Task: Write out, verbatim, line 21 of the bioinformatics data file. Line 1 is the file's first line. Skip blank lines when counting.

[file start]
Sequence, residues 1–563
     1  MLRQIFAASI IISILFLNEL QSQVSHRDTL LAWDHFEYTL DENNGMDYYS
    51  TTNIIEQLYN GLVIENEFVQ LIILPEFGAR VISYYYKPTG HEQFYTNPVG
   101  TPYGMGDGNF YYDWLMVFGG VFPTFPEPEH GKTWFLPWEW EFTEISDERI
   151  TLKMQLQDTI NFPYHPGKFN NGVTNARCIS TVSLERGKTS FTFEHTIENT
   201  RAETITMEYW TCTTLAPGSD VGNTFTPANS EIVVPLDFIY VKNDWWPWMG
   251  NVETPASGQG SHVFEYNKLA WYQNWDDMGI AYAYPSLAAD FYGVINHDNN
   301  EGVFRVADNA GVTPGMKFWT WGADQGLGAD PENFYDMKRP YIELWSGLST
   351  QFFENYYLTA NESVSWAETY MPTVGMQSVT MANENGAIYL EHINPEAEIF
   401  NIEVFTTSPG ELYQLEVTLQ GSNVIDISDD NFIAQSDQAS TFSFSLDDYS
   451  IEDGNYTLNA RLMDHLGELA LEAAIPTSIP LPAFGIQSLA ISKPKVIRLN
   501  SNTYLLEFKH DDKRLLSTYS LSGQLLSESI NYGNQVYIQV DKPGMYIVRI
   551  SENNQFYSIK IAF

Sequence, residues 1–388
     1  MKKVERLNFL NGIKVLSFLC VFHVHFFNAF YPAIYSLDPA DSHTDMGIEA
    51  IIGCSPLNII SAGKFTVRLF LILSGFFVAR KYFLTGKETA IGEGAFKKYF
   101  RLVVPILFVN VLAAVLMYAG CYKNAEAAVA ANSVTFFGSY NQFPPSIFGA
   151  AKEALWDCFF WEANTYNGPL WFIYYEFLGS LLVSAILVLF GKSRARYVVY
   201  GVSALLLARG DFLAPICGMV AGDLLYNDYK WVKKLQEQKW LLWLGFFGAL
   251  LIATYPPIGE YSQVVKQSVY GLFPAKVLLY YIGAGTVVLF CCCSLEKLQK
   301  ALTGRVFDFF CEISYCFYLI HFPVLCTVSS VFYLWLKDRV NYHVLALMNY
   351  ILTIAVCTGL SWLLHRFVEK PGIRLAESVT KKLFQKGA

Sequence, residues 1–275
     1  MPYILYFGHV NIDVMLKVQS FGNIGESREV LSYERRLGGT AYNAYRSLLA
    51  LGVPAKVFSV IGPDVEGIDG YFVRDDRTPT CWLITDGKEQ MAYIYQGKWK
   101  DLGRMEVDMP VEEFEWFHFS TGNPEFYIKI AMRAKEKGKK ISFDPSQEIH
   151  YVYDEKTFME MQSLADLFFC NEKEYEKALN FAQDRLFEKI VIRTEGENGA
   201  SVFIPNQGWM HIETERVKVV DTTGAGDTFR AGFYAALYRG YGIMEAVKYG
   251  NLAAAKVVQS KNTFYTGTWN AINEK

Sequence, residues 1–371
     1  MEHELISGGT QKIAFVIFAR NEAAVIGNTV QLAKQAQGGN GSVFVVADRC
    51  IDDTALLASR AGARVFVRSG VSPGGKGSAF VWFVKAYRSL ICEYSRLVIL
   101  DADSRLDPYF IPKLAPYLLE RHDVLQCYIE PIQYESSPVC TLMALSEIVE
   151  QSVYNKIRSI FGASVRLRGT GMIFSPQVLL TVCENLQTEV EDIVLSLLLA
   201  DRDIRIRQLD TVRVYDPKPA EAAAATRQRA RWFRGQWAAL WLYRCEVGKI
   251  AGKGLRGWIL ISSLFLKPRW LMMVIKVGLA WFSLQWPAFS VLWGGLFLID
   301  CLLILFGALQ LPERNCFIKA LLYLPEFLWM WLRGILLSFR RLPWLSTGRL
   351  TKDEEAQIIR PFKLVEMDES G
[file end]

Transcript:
   301  ALTGRVFDFF CEISYCFYLI HFPVLCTVSS VFYLWLKDRV NYHVLALMNY